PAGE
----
As its name suggests, a trailer-mounted boom lift or ‘trailer lift’ is a boom lift attached to a trailer and is therefore the most economical of the boom lifts to move as they can be towed behind any vehicle with adequate towing capacity. They usually use a combination of hinged crossed beams and telescoping section to obtain maximum height. In addition to this, they also use outriggers to level up and stabilise. As a consequence, the operating footprint can be larger than a self-propelled boom lift and can cause your starting point to be further away from your destination to allow for initial setup.
Training and Licencing requirements – Trailer-Mounted Boom Lifts
Because a trailer-mounted boom lift is considered to be a boom lift by definition, the ‘11m Rule’ on high risk work licencing also applies. If a trailer-mounted boom lift has the capability for the platform height to exceed 11m, the operator must obtain a Class WP High Risk Work Licence. If not, then proof of adequate training is required.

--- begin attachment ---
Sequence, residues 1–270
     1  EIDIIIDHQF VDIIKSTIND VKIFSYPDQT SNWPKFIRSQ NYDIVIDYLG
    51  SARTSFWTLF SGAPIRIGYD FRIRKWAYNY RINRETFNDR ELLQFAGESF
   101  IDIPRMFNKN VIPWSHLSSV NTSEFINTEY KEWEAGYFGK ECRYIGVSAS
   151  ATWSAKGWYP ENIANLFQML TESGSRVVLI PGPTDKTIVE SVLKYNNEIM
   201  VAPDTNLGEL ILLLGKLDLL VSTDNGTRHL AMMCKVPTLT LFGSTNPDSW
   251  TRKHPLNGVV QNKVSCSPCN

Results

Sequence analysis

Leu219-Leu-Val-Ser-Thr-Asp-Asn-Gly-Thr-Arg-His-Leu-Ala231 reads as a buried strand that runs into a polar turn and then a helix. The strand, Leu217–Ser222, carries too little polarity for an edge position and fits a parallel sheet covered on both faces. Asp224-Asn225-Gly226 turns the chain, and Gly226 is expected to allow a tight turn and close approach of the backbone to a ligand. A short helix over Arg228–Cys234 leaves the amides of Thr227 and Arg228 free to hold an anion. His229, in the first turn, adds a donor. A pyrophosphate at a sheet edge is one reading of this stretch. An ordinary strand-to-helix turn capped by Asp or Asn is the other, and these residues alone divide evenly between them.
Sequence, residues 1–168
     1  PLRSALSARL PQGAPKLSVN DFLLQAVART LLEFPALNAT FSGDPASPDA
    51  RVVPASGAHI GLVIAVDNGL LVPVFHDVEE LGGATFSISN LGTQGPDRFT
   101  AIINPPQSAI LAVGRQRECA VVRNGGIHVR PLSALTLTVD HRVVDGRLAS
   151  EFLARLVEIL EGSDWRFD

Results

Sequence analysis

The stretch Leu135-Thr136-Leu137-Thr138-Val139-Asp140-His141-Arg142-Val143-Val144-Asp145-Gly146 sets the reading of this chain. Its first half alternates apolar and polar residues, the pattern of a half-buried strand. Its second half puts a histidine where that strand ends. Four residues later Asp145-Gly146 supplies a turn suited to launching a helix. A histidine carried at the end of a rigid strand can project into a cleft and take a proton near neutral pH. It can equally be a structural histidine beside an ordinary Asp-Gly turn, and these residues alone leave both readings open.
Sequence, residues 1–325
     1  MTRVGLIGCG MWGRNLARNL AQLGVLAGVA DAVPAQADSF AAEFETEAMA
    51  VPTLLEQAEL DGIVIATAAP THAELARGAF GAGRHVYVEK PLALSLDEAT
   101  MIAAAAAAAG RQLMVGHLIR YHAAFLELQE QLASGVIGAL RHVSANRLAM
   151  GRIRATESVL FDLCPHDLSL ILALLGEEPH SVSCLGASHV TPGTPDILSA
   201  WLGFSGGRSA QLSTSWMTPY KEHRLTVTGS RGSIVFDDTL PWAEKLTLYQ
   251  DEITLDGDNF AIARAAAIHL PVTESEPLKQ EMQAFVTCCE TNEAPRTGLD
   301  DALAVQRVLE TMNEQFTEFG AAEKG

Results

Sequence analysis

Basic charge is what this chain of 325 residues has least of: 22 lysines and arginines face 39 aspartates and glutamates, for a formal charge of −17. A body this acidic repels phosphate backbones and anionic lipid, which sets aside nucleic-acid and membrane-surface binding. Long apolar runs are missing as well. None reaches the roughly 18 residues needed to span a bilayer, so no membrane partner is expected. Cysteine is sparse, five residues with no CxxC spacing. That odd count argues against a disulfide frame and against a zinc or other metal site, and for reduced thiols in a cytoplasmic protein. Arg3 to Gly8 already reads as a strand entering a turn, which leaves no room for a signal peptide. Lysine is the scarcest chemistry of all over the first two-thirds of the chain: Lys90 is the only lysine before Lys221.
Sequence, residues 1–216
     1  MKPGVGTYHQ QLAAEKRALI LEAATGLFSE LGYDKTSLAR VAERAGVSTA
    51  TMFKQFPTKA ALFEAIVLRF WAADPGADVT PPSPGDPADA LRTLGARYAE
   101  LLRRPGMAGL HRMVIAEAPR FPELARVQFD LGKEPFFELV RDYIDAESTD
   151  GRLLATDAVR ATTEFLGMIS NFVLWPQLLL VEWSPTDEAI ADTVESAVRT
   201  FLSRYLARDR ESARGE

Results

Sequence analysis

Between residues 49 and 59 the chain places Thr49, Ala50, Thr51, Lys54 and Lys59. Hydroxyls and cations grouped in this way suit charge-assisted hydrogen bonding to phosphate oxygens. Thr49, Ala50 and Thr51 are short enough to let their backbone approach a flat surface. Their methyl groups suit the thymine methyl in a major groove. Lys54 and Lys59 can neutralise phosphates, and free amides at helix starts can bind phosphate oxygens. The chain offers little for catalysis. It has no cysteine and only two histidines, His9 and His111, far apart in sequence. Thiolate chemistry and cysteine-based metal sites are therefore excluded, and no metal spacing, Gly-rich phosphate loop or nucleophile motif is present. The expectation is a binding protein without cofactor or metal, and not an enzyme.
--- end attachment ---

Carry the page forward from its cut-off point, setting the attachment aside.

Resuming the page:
Truck-Mounted Boom Lift
Similar to the trailer-mounted boom, the truck-mounted boom is a boom lift mounted on a vehicle. As such, they allow for a much bigger booms and therefore greater heights can be reached. The truck-mounted boom lift is the easiest to set up, and therefore is ideal for completing work over multiple locations in short time.
Another unique feature of truck-mounted boom lifts is that many of them have insulated booms which make them ideal for working on power lines and other components within the electrical supply industry.
Training and Licencing requirements – Tuck-Mounted Boom Lifts